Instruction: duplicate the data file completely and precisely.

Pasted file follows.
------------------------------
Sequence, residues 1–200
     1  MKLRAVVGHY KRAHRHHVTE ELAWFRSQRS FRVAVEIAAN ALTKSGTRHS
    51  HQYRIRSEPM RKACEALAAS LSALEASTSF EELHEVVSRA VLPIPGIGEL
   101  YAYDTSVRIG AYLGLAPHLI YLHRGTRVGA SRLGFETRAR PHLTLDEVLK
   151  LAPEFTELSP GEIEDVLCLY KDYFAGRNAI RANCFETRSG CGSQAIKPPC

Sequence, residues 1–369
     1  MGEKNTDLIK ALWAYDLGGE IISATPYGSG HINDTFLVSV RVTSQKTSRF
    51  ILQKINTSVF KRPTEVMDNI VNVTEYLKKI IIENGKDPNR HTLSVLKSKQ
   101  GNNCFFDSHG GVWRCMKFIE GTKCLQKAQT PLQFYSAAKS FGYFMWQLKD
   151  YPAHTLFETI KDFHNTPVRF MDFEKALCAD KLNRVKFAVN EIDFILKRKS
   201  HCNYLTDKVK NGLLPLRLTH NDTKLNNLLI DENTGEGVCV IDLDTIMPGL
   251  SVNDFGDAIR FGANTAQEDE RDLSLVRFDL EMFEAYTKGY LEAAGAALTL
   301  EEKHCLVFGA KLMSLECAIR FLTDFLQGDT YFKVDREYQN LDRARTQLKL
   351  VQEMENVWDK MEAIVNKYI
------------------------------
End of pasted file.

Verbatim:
Sequence, residues 1–200
     1  MKLRAVVGHY KRAHRHHVTE ELAWFRSQRS FRVAVEIAAN ALTKSGTRHS
    51  HQYRIRSEPM RKACEALAAS LSALEASTSF EELHEVVSRA VLPIPGIGEL
   101  YAYDTSVRIG AYLGLAPHLI YLHRGTRVGA SRLGFETRAR PHLTLDEVLK
   151  LAPEFTELSP GEIEDVLCLY KDYFAGRNAI RANCFETRSG CGSQAIKPPC

Sequence, residues 1–369
     1  MGEKNTDLIK ALWAYDLGGE IISATPYGSG HINDTFLVSV RVTSQKTSRF
    51  ILQKINTSVF KRPTEVMDNI VNVTEYLKKI IIENGKDPNR HTLSVLKSKQ
   101  GNNCFFDSHG GVWRCMKFIE GTKCLQKAQT PLQFYSAAKS FGYFMWQLKD
   151  YPAHTLFETI KDFHNTPVRF MDFEKALCAD KLNRVKFAVN EIDFILKRKS
   201  HCNYLTDKVK NGLLPLRLTH NDTKLNNLLI DENTGEGVCV IDLDTIMPGL
   251  SVNDFGDAIR FGANTAQEDE RDLSLVRFDL EMFEAYTKGY LEAAGAALTL
   301  EEKHCLVFGA KLMSLECAIR FLTDFLQGDT YFKVDREYQN LDRARTQLKL
   351  VQEMENVWDK MEAIVNKYI